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A Happy Thanksgiving For The Mist

Happy Thanksgiving, Monsterfesters. It looks like it’ll be happy, too, for all those involved in The Mist, which is garnering generally very favorable reviews. Rotten Tomatoes, the site that culls and averages reviews, has given it a healthy 70 percent positive rating. We like it, too: check out Ravenface’s video feature and my interview, too.

The New York Times belly-ached about the moralizing in the movie, saying, "Until the monsters and the meaning start to emerge, this
shivery story works your nerves far better than most recent horror
does, largely because it knows that nothing scares moviegoers better
than our own overactive, reactive imaginations. This is a film that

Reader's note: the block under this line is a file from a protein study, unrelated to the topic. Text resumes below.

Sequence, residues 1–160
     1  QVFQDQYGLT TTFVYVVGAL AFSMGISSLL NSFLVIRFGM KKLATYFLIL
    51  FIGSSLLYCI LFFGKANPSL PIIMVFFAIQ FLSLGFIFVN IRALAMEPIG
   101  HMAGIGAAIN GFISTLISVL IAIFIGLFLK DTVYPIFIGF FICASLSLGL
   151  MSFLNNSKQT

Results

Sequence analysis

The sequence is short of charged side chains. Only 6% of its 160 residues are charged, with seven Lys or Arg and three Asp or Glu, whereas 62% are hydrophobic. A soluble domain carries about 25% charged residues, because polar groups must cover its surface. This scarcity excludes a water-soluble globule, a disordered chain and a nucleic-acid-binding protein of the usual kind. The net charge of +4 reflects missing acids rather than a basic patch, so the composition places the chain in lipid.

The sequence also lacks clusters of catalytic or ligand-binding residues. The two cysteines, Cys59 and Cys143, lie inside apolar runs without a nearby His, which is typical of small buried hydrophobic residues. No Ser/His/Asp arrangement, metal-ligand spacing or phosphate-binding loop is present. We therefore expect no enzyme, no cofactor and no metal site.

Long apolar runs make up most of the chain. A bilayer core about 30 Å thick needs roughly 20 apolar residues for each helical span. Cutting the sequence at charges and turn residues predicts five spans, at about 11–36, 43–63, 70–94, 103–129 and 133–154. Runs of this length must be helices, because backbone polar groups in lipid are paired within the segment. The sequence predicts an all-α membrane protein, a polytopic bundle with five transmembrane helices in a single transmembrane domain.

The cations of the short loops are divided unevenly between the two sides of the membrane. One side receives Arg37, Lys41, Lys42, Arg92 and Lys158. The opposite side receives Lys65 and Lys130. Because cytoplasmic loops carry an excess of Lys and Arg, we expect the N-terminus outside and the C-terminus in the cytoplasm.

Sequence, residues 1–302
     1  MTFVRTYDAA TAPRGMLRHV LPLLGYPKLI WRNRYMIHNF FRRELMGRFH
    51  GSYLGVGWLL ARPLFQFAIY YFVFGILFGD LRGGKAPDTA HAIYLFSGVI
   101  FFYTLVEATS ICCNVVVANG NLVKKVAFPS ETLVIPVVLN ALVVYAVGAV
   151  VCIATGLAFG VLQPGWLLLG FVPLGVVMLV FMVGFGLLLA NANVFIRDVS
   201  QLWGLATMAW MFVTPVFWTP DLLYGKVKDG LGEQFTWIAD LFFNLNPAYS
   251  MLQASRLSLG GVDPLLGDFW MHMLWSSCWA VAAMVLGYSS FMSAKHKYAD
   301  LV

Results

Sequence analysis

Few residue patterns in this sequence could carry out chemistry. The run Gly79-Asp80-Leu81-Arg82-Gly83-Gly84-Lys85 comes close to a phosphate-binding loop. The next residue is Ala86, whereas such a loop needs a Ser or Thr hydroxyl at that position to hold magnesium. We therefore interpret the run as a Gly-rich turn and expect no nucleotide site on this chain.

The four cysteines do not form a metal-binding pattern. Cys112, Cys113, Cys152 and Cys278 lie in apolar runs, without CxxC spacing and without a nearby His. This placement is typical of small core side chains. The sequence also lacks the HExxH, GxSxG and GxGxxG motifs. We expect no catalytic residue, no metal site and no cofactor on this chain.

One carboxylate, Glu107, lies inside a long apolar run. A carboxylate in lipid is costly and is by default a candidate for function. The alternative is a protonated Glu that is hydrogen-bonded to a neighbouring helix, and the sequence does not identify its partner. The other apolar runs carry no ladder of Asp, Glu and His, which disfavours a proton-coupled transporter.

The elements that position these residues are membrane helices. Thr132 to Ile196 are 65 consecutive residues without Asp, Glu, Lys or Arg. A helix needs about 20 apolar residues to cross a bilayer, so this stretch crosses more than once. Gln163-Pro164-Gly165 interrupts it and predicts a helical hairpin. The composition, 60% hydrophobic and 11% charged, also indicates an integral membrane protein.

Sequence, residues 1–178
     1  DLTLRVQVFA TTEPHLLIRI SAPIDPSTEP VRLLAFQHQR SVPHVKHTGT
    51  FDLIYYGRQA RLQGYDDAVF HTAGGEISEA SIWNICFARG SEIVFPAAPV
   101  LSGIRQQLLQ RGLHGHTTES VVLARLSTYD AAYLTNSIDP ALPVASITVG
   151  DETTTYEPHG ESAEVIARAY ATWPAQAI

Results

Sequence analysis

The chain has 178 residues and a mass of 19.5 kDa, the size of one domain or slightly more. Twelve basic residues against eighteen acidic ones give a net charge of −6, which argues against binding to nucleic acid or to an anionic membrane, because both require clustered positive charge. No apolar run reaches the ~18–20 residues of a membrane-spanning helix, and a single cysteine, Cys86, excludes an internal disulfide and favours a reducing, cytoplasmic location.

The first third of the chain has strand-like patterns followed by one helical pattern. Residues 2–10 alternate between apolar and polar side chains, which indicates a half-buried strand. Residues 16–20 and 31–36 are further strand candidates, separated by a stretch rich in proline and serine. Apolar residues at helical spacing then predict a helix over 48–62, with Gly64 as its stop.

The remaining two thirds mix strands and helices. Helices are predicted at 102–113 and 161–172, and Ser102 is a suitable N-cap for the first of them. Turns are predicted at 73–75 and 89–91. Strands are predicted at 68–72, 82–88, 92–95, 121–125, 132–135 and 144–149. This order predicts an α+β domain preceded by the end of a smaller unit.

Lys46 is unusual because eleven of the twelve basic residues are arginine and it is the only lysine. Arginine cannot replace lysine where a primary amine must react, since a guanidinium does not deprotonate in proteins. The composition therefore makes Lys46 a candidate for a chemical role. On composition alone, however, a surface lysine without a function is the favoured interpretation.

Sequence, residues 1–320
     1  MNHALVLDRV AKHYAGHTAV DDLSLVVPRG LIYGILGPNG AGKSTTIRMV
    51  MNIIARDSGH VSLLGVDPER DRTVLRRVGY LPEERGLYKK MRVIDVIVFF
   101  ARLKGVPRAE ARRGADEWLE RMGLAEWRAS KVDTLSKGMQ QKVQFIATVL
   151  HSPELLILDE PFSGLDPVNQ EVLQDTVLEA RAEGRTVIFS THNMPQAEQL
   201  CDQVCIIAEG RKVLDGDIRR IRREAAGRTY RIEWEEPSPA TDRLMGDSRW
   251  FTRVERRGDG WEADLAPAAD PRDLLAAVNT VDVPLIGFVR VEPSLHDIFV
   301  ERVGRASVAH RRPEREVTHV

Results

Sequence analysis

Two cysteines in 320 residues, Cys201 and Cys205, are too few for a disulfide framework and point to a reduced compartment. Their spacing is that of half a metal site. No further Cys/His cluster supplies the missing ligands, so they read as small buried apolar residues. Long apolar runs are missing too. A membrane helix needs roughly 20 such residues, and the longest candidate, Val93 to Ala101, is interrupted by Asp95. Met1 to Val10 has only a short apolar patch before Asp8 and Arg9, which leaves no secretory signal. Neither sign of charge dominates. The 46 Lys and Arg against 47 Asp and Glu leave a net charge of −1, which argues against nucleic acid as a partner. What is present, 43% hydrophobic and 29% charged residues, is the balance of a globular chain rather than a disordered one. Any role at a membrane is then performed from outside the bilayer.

knows how to make you jump in your seat simply by showing you next to
nothing: It knows you’ll eagerly fill in the blanks all by your
lonesome, genre-conditioned self."

The ending is quite a bold move, one that some don’t completely appreciate. Says the Chicago Tribune, "As for that ending (very different from King’s), well, it’s certainly
brave. It’s probably braver than it is dramatically effective. But the
film is absorbing, and by the time the ending arrives, you may be
willing to cut it a break, as I was, even if Darabont’s nervy
resolution cuts the audience no break whatever."

Finally, the Seattle Times righteously says, "How do you approach horror when we’ve been living in a culture of fear
for so long? The answer — or at least one of them — is that few things
are scarier than superstition and ignorance trumping reason in
dangerous times. That element, along with a knockout ending that’ll make you say, "Whoa, they really went there,"
elevates the fairly familiar — if well-crafted — material into a ride
worth taking. It’ll look especially familiar to fans of the popular Silent Hill video games, which are said to have been inspired by
King’s 1980 story." Now the question is, can The Mist defeat Beowulf this weekend?

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